Taking Time Off From School

By Dr. Robert Wallace

May 21, 2021 4 min read

DR. WALLACE: This last year has been a very difficult one for my parents and me. Due to many financial hardships my family has experienced, I made the decision to postpone attending university.

When I decided to take a year off, I had planned on returning this year, but so far, it hasn't happened. I had to get a job to help support my family since both of my parents have drifted into and out of various jobs that have not provided much family income. I have much younger siblings still living at home, too, so I feel a responsibility to help everyone out financially.

How can I get myself back on track and go back to school when everyone else is still struggling just to get by and pay the bills? — Seeking Higher Education, via email

SEEKING HIGHER EDUCATION: Taking time off in between high school and college can, at times, be important for personal growth, as with your situation. It's a very mature, noble thing to put your family first and jump in to help out the household, despite your personal desires to go in another direction.

Don't feel too bad about your situation, as it's not uncommon. The pandemic has stunted the plans of millions of people around the world. I trust you will eventually return to college and successfully get your degree.

While things are still tight for your family, perhaps you could take one course at a time at your local community college until you have more time to return to school full time.

Try to find a good subject that you can earn units in that will be transferable to a four-year university. Speak to a counselor about your situation, and get a recommendation accordingly. Even having one class at a community college will help you feel reconnected to your educational goals. You can slowly begin to add more as your family's finances begin to improve — hopefully soon!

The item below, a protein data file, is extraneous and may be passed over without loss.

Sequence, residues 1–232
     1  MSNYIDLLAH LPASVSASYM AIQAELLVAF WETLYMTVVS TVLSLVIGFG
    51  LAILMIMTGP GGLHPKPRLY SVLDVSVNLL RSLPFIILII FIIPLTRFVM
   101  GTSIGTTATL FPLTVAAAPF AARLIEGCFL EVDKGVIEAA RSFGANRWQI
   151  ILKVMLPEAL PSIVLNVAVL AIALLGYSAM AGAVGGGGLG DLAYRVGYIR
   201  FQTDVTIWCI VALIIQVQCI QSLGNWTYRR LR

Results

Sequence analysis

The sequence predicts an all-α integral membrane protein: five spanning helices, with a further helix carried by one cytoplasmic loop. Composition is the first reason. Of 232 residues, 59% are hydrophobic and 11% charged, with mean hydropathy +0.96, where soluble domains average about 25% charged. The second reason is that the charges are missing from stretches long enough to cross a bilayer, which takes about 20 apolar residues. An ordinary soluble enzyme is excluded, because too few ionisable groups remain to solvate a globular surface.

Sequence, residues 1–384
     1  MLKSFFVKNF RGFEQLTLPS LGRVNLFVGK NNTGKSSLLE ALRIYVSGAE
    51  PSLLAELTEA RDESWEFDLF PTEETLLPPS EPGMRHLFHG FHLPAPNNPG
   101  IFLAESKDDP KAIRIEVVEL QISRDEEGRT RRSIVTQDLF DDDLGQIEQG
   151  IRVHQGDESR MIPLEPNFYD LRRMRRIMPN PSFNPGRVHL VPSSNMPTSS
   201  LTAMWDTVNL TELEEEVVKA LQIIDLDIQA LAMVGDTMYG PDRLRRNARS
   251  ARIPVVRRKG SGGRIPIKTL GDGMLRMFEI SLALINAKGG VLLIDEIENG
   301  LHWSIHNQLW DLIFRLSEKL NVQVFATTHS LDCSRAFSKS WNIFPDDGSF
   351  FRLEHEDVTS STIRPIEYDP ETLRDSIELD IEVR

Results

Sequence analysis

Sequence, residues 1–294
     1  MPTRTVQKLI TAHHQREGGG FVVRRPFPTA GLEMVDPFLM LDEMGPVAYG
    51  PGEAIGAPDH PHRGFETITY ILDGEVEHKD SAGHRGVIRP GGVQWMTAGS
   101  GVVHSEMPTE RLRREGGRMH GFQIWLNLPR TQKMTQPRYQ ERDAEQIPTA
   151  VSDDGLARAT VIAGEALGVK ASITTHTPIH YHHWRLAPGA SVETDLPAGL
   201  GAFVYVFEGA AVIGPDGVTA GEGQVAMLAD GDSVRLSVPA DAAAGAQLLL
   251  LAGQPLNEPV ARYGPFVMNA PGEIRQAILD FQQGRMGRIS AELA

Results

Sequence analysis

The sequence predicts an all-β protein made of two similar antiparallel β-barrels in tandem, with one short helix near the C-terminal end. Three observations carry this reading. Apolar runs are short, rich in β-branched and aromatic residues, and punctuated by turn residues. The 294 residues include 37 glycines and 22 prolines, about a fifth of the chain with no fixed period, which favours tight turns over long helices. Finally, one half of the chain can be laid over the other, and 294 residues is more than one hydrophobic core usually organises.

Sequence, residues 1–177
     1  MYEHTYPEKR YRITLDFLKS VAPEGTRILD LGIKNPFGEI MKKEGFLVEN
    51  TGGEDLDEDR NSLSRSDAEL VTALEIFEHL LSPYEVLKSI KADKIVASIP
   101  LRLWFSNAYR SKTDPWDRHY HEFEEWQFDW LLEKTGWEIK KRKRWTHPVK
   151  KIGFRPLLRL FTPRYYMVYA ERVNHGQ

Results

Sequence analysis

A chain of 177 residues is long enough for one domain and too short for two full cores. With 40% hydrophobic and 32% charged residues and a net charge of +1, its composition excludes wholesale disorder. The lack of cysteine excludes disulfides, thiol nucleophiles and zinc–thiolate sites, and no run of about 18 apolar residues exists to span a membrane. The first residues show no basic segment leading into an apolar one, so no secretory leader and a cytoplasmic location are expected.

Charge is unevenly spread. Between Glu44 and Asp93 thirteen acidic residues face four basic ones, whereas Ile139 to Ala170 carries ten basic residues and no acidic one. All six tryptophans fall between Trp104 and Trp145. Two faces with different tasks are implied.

I LIKE PHYSICAL EDUCATION

DR. WALLACE: Even though our school is still closed because of COVID-19, our school district has recently made physical education an elective course and not a required course. I'll be in the ninth grade when our school reopens this fall, and I want to continue taking PE classes.

But now my parents think that PE is a big waste of time. I still will be taking English, biology, algebra and Spanish classes as well, so it's not like I would be just hanging around our track and gym all the time.

I'd like to hear what you think so I can hopefully show your answer to my parents. Which side of this issue do you come down on? — Physically Fit Boy, via email

PHYSICALLY FIT BOY: You've come to the right source to help you with your side of the debate. I am extremely pro-physical education, and in fact, I feel this program should be mandatory for both boys and girls.

Without physical endurance, social and learning skills suffer to some degree. For some high school teens, school physical education is the only physical activity they get, and for others, it's often the primary source. For these reasons, I feel it's quite important. A balance between physical activity and studious mental learning is optimal for success.

Dr. Robert Wallace welcomes questions from readers. Although he is unable to reply to all of them individually, he will answer as many as possible in this column. Email him at [email protected] To find out more about Dr. Robert Wallace and read features by other Creators Syndicate writers and cartoonists, visit the Creators Syndicate website at www.creators.com.

Photo credit: MatanVizel at Pixabay

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